Gun Control Debate Ã¯Â¿Â½ PAGE Ã¯Â¿Â½1Ã¯Â¿Â½
With more restrictions and increased education, firearms can be a safe part of society. Without an individual to operate a firearm there is no potential for either intentional or accidental incidents. According to The National Center for Injury Prevention Control (2008) there were more estimated deaths from medical errors reported between 1999 and 2005 then unintentional shooting deaths. This shows us that although gun related deaths are serious in nature and more needs to be done to educate and protect society from these accidents, that by comparison guns are a small problem in the United States. Do you know someone who has been injured or fatally wounded by a firearm? Could this injury or death have been prevented by either more education of the proper way to use firearms or by stricter gun control laws? The answer to this question is yes, as shown through out this paper it is clear that people not firearms are to blame for gun related incidents.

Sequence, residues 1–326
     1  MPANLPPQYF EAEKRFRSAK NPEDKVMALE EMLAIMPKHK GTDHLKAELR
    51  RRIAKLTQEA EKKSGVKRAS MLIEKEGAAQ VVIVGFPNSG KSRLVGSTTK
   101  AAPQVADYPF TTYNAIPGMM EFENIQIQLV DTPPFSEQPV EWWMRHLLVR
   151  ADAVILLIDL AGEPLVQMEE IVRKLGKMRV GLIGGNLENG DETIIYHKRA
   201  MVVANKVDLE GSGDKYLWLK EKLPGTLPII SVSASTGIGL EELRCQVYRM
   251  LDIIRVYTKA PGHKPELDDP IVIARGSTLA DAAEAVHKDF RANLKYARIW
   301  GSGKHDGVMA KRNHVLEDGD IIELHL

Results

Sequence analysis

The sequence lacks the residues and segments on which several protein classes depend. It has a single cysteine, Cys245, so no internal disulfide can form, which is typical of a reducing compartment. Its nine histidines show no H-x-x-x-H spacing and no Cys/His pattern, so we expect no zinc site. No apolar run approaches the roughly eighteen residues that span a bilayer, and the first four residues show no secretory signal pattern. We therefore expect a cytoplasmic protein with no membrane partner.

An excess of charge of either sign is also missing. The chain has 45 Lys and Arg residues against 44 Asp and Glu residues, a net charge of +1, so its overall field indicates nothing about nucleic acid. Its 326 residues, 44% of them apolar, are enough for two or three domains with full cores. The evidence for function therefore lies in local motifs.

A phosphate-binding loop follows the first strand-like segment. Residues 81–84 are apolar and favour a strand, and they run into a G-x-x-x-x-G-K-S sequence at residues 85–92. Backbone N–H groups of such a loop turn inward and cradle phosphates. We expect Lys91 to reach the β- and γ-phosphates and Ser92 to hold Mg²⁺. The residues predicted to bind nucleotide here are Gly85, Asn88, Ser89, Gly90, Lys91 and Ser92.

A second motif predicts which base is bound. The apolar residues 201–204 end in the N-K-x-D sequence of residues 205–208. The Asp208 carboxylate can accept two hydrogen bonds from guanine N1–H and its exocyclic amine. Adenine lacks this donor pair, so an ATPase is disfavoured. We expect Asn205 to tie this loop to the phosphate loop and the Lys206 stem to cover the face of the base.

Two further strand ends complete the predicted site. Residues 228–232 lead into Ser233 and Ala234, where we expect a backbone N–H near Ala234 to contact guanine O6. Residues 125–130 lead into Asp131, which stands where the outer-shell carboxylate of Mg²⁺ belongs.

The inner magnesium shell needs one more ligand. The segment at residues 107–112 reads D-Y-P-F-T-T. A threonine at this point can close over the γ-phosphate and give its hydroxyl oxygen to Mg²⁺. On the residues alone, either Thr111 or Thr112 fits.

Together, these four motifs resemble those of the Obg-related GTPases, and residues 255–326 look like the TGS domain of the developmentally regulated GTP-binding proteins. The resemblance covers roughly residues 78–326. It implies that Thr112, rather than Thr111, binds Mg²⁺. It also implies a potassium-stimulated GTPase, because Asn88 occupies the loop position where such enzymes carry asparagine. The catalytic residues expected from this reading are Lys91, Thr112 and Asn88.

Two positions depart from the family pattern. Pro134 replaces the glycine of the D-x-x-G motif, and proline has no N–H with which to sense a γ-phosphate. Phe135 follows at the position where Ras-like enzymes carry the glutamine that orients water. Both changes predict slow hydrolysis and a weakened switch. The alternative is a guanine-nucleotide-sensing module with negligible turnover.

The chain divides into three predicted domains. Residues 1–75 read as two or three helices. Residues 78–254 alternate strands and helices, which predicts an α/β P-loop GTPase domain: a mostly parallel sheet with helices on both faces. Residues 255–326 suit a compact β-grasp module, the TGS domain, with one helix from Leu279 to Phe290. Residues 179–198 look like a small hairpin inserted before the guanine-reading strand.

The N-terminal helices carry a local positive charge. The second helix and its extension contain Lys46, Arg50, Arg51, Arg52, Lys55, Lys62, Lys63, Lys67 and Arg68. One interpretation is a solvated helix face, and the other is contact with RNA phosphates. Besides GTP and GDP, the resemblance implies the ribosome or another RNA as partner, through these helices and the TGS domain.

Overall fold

Firearms are nothing more then a simple mechanical machine. Just as with any other ordinary simple or complex machine there is the potential for either operator or mechanical failure. These failures can lead to either injury or fatality to the shooter, bystander or a victim. Although little or nothing can be done to eliminate mechanical failure with firearms much more can be done to eliminate the operator errors. There is no federal law requiring states to conform to certain gun control laws, rather each state has there own laws governing the right to purchase, own, carry and educate individuals on firearms. Below is a chart comparing the estimated deaths for both Hawaii and Maine.
Seen in this chart that although the populations of Hawaii (1,273,278) and Maine (1,318,220) were almost identical...